Daily Topic for September 05, 2010
Few cultures would find it acceptable for parents to make their own daughters prostitutes. But all cultures find ways to fill their land with wickedness. In the West, secularized people allow their unmarried sons and daughters to engage in fornication. Unlike the secularized West, the Bedar people have not heard of the God of the Bible and His son, Jesus Christ. This does not excuse the Bedar people, but it explains why they defy the unknown, but living God.
Pray for the Lord to call missionaries to take His ways to the Bedar people, so His Kingdom can be extended into their hearts.
Unmarried Bedar girls, as young as four or five are taken to a local Hindu temple and made prostitutes. Colorfully dressed women escort them to a guru, or spiritual leader. They are branded and taken to the temple. In a solemn ceremony, a necklace is placed around their necks as a sign that they are dedicated to a local god. For the rest of their lives the girls are known as Basavi.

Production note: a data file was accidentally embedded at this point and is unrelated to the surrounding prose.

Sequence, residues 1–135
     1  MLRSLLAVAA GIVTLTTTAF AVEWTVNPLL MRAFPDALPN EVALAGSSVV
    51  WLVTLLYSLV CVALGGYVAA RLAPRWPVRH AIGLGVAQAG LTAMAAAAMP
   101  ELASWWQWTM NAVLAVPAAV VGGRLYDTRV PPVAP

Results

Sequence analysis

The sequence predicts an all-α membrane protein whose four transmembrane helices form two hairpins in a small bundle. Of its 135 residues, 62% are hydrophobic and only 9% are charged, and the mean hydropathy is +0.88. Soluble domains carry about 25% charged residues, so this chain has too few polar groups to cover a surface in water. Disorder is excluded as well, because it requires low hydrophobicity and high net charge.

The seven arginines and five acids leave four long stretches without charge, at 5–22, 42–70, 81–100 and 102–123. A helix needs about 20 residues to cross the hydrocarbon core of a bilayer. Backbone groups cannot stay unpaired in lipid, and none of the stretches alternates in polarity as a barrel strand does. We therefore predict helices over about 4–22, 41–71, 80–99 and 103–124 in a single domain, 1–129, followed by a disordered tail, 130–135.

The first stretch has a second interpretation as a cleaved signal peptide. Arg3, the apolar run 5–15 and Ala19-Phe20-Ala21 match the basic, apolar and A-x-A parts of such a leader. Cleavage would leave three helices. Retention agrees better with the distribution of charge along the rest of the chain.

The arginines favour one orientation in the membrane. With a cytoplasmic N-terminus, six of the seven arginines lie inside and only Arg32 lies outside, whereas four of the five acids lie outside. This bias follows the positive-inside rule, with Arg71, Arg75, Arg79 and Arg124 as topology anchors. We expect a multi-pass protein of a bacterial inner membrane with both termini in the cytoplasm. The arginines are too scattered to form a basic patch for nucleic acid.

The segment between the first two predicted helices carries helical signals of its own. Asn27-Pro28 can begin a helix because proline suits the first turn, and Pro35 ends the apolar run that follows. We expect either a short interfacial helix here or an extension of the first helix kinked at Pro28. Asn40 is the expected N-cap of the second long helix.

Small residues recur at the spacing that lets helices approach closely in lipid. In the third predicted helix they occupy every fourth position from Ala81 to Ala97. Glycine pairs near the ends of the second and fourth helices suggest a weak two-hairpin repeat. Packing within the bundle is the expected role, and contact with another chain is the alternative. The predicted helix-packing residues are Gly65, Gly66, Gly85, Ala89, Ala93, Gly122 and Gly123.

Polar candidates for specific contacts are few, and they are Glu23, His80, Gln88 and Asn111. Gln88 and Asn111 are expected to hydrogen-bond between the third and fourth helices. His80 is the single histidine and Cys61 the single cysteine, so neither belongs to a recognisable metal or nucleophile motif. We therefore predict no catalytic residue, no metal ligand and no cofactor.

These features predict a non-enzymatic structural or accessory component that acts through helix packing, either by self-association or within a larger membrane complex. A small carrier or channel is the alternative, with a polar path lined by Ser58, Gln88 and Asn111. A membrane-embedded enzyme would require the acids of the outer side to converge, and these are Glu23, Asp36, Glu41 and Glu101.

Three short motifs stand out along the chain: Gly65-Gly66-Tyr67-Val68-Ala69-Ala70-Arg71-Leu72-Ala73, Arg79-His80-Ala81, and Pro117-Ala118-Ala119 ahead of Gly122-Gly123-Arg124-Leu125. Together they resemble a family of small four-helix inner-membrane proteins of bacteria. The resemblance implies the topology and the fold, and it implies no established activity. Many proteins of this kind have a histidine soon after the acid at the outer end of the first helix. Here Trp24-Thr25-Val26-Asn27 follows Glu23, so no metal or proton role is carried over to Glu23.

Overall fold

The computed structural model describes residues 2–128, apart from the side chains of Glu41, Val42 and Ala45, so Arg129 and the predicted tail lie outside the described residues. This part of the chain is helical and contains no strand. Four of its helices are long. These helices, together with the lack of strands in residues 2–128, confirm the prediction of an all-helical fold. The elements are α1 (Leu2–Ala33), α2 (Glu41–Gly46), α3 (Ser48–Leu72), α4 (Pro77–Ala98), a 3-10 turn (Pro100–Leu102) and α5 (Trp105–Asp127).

God is deeply concerned about girls like these. “You shall not make any cuttings in your flesh for the dead, nor tattoo any marks on you, I am the Lord. Do not prostitute your daughter, to cause her to be a harlot.” (Leviticus 19:28-29 NKJV.)
The Bedar commonly tattoo their girls, and they do worship their dead. They make offerings to their dead on the third day after they pass away. Images of their dead are made of gold, copper, or brass. Bedar commonly practice soothsaying, sorcery and astrology. Bedar means “hunter.” Traditions say that Kannayya, a mighty hunter, was a devout worshiper of Shiva, (god of destruction) who appeared to him and granted Kannayya two wishes. He wished that they would be true marksmen and that their land would produce much corn with little labor or water. The name “Kannayya” is reminiscent of the name “Canaanites,” and the customs of the Bedar are remarkably close to the ancient Canaanite ways.Learn more at joshuaproject.net
Pray that the JESUS Film and Christian broadcasts will continue to bear fruit among the Bedar people.